PHYSIOLOGICAL AND NUTRITIONAL RESPONSES OF NAVEL ORANGE TREES TO DIFFERENT IRRIGATION AND FERTIGATION PRACTICES
A trial was established in drip irrigated Atwood Navel orange trees growing in Australia to compare daily irrigation with conventional practices. Trees were subjected to five treatments of combined irrigation and fertigation: conventional irrigation + conventional fertigation; pulses irrigation + conventional fertigation; conventional irrigation + advanced fertigation; daily pulse irrigation + advanced fertigation and continuous irrigation + advanced fertigation. The water relations responses of trees during the summer-autumn period and the nutritional status after three years of application of the treatments were studied. Trees were well irrigated in all treatments, even during the most water demanding periods, and no clear differences in leaf gas exchange were found within the different irrigation treatments. Conventionally irrigated trees had similar water potential values to daily pulse irrigated trees and the values of both were always above from the threshold for well-irrigated trees. When nutrients were applied in a conventional way, irrigation practices did not modify foliar NPK levels, while with proportional injected nutrition combined with pulse irrigation increased K and P foliar levels. As conventionally irrigated trees received lower amounts of water and had a similar yield to daily pulse irrigated trees, the former had the highest water use efficiency.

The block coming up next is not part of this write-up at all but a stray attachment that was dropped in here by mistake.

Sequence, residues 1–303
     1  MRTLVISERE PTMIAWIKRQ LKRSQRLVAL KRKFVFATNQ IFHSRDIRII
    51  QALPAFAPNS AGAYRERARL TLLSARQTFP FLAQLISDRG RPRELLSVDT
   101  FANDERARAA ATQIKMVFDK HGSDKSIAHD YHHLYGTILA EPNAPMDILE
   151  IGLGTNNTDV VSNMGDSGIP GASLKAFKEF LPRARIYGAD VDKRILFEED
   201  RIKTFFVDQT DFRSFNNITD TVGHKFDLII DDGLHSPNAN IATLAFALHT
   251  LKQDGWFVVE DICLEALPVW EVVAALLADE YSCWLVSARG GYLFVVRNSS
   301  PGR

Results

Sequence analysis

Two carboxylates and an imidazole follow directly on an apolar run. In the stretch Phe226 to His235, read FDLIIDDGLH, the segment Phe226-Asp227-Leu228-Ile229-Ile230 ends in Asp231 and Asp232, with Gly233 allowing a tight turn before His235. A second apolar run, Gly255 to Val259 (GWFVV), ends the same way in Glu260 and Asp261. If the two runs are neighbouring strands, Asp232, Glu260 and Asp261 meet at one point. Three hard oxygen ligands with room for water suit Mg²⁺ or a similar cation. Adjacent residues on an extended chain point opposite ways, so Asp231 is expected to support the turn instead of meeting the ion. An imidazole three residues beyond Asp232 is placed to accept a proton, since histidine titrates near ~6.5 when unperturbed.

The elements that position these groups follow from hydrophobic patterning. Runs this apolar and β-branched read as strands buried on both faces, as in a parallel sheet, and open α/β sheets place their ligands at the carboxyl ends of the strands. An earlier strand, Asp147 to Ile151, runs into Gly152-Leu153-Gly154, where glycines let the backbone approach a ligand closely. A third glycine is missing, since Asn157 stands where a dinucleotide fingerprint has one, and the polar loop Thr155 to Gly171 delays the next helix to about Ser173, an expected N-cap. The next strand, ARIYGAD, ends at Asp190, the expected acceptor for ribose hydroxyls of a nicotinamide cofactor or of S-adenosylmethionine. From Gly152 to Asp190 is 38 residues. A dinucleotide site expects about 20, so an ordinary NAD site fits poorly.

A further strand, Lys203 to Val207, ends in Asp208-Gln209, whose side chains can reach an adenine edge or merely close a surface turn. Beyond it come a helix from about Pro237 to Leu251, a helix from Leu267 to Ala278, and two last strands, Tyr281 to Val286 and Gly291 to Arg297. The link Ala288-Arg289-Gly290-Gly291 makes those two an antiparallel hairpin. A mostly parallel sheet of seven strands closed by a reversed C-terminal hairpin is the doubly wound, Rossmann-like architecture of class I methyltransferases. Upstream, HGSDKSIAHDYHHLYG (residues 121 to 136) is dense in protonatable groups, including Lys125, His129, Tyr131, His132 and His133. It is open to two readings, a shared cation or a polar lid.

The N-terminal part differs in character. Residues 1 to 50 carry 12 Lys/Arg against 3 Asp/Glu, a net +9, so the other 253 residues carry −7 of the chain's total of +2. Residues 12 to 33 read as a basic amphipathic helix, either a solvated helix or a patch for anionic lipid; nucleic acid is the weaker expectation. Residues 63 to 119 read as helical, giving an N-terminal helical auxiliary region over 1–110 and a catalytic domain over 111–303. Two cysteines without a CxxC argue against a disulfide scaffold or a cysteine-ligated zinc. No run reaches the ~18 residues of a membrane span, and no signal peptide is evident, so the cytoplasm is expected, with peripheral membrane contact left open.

Josefa M. Navarro, and Steven G. Falivene, (2015). PHYSIOLOGICAL AND NUTRITIONAL RESPONSES OF NAVEL ORANGE TREES TO DIFFERENT IRRIGATION AND FERTIGATION PRACTICES. Acta Hortic. 1065, 1739-1747
mineral nutrition, photosynthesis, water potential, water use efficiency, yield